•  Granting both non-participating contractors and those already enrolled in the program an additional 30-day period to begin verifying existing employees;  
  • Raising the prime contractor threshold from $3,000 to $100,000 (however, the subcontract threshold remains at $3,000);  
  • Excluding prime contracts with periods of performance less than 120 days;
  •  Exempting employees holding security clearances or Homeland Security Presidential Directive (HSPD)-12 credentials from the verification requirements;  
  • Limiting the new hire E-Verify requirements only to those new employees who will be working on a covered contract (and not all new hires), when the contractors are institutions of higher education, Indian tribes, state and local governments, and sureties; and
  • Limiting the existing employee requirement to those individuals “directly” performing work under the contract by excluding personnel who perform general support, administration, and indirect or overhead functions that do not have substantial duties applicable to a covered contract.  

Practical Impact of the New Verification Requirements  

The final rule presents several important issues. First, the uncertainty over the E-Verify program’s future raises some concerns. The new provisions take effect on January 15, 2009, which means early next year large numbers of contractors will begin enrolling in the program and processing employees. As the contractors verify the status of new and existing employees they will likely face delays hiring eligible individuals due to expected database errors. Presently, the E-Verify program is only authorized to continue through March 6, 2009. The contentiousness surrounding the immigration debate, along with the uncertainties about whether the new administration and Congress will continue to embrace the system, raise questions about the program’s future. In the meantime, it appears that contractors may be required to invest a significant amount of time and money into compliance even though the long-term prospects of the program are uncertain.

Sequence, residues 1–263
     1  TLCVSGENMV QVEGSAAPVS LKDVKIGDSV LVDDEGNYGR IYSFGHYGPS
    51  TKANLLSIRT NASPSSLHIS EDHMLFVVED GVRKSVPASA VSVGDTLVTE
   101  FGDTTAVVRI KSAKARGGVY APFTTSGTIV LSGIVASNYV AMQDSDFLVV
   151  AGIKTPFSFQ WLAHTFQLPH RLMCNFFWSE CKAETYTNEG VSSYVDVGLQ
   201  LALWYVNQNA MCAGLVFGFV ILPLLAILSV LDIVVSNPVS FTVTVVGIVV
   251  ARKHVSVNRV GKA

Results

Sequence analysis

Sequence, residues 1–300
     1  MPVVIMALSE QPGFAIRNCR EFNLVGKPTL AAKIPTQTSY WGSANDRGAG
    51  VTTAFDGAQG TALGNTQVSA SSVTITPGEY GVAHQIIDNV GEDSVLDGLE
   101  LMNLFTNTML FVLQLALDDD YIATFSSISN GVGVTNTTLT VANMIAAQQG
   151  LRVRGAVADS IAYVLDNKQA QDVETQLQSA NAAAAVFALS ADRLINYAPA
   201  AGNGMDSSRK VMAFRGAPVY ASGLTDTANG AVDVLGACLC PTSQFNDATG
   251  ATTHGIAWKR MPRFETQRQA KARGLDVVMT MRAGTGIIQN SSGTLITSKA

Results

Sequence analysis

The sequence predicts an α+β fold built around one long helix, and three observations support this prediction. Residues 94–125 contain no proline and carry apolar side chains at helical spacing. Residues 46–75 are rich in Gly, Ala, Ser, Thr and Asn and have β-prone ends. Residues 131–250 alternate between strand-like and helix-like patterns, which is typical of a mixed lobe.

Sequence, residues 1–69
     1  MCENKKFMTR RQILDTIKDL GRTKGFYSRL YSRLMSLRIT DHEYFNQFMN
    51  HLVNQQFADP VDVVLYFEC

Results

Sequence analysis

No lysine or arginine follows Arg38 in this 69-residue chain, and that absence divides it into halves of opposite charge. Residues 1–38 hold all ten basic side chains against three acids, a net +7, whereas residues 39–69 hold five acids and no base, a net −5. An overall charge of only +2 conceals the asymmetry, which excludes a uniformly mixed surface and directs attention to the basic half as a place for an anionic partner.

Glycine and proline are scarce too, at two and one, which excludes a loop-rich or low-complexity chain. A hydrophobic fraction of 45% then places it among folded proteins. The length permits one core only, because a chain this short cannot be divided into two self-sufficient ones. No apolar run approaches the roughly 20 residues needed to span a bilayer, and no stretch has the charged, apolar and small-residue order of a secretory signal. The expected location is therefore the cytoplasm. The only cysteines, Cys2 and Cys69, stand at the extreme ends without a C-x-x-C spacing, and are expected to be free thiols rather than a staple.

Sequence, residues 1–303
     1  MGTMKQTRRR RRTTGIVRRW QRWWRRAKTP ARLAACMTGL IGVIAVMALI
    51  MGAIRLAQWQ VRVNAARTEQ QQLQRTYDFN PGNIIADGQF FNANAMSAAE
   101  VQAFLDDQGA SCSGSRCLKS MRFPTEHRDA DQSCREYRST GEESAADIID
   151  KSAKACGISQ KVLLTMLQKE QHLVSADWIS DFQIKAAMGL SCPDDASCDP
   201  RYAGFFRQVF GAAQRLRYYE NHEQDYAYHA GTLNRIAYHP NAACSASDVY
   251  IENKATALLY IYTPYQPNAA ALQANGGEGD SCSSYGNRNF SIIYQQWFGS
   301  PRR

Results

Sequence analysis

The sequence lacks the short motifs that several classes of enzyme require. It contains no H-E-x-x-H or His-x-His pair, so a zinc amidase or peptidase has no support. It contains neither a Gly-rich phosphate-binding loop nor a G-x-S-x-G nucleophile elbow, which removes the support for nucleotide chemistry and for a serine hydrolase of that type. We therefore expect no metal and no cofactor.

Second, there are still a number of unresolved concerns regarding E-Verify’s scalability. Although the drafters note that the system underwent “vigorous load testing” in July 2007, there is a possibility that it will not be able to support the volume of requests that will accompany the shift to a mandatory regime. Such an increase in scale could potentially exacerbate problems voluntary users have already experienced. The Government Accountability Office has found that it will require a considerable amount of manpower, time, and funding to sustain the E-Verify program once the rule takes effect.  

Third, when the contractors start using E-Verify to confirm employment eligibility of new hires and certain existing employees, the errors in the SSA and/or DHS databases could result in temporary delays that will cause employees to miss work while resolving the issue with the respective agencies. When the employer obtains a tentative non-confirmation after using E-Verify for a particular employee, the employee can contest such a result and the employer would have to afford him or her time to resolve the discrepancy with SSA or DHS. As a result, contractors may experience temporary unavailability of certain employees who are legally authorized to work in the United States, but who need to resolve the discrepancy in the government’s records.  

Fourth, the flow-down requirements can potentially make prime contractors liable for subcontractor non-compliance. In response to a number of comments regarding this issue, the drafters emphasized that prime contractors are responsible for all aspects of contract performance including subcontractor performance. While they are not expected to ensure that subcontractors at all tiers have properly verified the eligibility of their employees, prime contractors are required to include the E-Verify requirements in their subcontracts (unless the subcontract qualifies for an exemption) and to perform general oversight by whatever means appropriate to make sure the clause is flowed down. Accordingly, prime contractors should ensure that future subcontracts specifically address the new verification requirements.